one-act play

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one-act play


The Inspector General

By Nicolay Gogol

The mayor of a small country town tells his fellow city officials that he has received word that an inspector is coming from the Capitol incognito. A couple of local gossipers announce that they think the government inspector is staying at the local inn. A clerk and his servant, both from the Capitol, are staying at the inn and have spent all of their money on food and gambling. When the mayor meets the clerk, thinking him the government inspector, he fears that he will be arrested for the corrupt practices he has taken part in. When the clerk meets the mayor, he thinks that he is being arrested for not paying his bills. Instead, the mayor invites the clerk to his home and the clerk begins accepting money offered to him as bribery from the city officials. The mayor’s wife and daughter are courted by the clerk and the town’s merchants and citizens beg the clerk to help them escape the corrupt mayor’s tyranny. The clerk is caught flirting with the mayor’s daughter and then with her mother. He asks to marry the daughter and, after writing a letter about the stupidity of the city officials, he leaves with a pocket full of money. Shortly after he leaves, the postmaster tells everyone that the town has mistakenly identified the clerk as the government official. An officer confirms this by announcing that the real government inspector is now staying at the inn.

VHS Advanced Play ProductionDirecting the Concept By Mary Begley

The world of the play is presented through false fronts and rotting structures propped up to appear grand. Square frames exemplify a lack of substance while attempting to be solid.

Fear, suspicion, and false information will rule governments run by greedy, dishonest leaders, making them fools who are easily fooled.

Concept of Style:

My concept will be further enhanced by setting it in the American West during the mid to late 1800’s. Wild boom- towns overrun by outlaws characterize this time. Disorder, drinking, gambling, and false fronted buildings all parallel the corruption and attempted cover-ups seen in the Inspector General. Because the play was written in the early 1840s its language and references fit the slightly later time period. The Inspector’s Russian town is depicted as small and isolated, populated with simple minded folks. This also fits well into the American western frontier towns.

Narrative Summation:

Old-west False Fronted Building

Production Metaphor

Lighting: Backlighting, shadows and silhouettes will emphasize the idea of making appearances of truth without the showing the real thing. Reds and amber colors will give a sense of a western sunset. Warm washes with cyc lighting will heighten a sense of lighthearted humor with deeper meaning lurking on the horizon.Sound: Western tunes with whistling wind will heighten the comic juxtaposition of isolation with attempted sophistication. Makeup: Large mustaches styled and clipped in western fashion supports the feeling of false appearances and foolishness. Costumes: Earth tone colors with touches of reds and greens will create an earthy/dirty layer trimmed with false luxury. Set: The set will reflect a western run-down feel through rough wooden door frames and rotted wooden crates. The frames, which will be able to move to different stage locations will hint at new settings while maintaining the feeling of false solidity. The cyc curtain will help the frameworks pop and give a sense of western isolation. Silhouette cowboy actors will move the set pieces around and create a feeling of romanticized old west tacky humor.Movement: The movement tempo is that of a washboard rhythm and high pitched trill of a flute. These contrasting tempos will show the lack of a middle road/normal people in the world of the play. The movement is exaggerated in that appearances are more important to the people of this town than anything else. Therefore, they try to present themselves at all times. Urgent entrances and door use will enhance the farcical elements of the script.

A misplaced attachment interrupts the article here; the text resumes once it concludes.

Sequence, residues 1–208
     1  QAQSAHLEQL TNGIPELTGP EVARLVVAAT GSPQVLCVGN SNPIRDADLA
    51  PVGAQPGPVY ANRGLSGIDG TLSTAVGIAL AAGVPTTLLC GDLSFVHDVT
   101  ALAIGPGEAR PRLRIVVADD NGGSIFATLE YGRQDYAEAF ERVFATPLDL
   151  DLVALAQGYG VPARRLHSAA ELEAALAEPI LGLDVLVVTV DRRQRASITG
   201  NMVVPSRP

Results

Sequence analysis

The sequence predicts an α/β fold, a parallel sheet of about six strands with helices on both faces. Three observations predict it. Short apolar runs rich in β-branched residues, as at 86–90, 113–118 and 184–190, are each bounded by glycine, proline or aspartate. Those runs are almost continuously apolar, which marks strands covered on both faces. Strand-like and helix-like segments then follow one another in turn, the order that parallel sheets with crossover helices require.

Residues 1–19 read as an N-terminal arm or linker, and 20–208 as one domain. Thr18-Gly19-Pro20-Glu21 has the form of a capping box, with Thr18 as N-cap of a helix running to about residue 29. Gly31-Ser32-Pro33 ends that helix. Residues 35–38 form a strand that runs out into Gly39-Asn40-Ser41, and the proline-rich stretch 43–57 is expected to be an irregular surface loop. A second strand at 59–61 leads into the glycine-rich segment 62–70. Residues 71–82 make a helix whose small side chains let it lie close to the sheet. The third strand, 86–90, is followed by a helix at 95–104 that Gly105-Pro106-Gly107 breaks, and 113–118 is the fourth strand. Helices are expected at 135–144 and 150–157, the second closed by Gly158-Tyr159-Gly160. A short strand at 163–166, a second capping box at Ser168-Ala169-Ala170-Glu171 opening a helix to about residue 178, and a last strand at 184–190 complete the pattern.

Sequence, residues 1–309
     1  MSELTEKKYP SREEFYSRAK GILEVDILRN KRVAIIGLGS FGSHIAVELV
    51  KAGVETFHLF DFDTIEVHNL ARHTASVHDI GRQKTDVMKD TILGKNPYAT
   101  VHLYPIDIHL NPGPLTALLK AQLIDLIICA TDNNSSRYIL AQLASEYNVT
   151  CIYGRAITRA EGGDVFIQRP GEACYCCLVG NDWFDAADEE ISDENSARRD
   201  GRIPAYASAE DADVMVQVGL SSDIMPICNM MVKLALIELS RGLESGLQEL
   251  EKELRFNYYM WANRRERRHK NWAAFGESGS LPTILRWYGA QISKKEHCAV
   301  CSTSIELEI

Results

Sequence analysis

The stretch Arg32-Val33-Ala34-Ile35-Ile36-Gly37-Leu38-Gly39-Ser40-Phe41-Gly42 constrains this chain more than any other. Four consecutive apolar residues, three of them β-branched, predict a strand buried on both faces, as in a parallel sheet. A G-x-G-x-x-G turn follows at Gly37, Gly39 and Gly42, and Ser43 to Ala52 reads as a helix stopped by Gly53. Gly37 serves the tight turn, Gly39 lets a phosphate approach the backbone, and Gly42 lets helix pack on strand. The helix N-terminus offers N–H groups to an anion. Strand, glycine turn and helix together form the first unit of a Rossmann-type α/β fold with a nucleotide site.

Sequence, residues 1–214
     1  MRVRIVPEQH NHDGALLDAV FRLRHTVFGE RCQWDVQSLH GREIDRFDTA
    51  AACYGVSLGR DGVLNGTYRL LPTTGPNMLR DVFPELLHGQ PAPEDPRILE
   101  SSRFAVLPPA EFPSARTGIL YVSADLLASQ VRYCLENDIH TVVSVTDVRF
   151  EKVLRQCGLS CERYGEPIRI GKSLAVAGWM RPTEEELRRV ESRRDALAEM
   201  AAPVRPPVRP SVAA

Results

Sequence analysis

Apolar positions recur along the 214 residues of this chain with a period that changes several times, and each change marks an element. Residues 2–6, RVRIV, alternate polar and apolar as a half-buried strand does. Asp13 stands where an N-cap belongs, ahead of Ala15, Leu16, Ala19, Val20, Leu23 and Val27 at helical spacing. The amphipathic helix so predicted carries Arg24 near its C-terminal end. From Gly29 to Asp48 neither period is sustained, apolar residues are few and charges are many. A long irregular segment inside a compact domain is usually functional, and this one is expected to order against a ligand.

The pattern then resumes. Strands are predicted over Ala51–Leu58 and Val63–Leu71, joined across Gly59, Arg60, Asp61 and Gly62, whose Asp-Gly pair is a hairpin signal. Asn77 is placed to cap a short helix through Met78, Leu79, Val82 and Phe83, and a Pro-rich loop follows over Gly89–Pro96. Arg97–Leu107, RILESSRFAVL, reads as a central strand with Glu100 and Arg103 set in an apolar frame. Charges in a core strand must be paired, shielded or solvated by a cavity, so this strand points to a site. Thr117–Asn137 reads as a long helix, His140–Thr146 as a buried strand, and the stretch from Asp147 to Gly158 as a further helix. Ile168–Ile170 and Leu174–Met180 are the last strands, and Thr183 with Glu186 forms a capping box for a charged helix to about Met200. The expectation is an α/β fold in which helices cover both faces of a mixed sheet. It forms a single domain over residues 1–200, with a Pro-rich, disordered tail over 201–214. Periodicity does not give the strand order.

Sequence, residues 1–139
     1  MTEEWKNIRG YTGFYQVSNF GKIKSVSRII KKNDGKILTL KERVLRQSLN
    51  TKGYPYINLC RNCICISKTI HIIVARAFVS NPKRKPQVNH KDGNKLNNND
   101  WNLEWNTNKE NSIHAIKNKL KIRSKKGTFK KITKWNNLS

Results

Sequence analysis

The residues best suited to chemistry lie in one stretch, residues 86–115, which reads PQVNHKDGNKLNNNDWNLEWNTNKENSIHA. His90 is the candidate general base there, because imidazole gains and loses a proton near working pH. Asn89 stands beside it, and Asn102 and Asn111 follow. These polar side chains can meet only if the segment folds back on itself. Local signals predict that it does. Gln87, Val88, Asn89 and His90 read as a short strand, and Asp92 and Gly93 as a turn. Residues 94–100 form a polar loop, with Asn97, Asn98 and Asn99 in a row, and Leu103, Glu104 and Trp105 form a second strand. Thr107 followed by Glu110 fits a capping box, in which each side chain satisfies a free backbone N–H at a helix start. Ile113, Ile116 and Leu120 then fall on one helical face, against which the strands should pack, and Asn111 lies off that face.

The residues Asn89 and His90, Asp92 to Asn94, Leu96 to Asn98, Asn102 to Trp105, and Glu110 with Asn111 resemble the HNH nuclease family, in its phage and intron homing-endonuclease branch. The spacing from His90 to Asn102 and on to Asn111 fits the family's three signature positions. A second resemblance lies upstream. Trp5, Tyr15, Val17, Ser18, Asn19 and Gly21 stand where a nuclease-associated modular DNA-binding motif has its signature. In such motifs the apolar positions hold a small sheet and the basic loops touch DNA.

Concept of place & time:

Production Approach:

Director's Notes: Great plays have messages about the human condition that can be applied to any generation, in any place, and at any time. The Inspector General is one of those plays. Even though it is a Russian play written in the 1800s, its depiction of bumbling, corrupt leaders and the panic that ensues when they are exposed is prevalent throughout every country’s history. I chose to set this in the American west because it brings the story closer to home and because the dialogue, characters, and action are a close parallel to our romanticized view of the Wild West.


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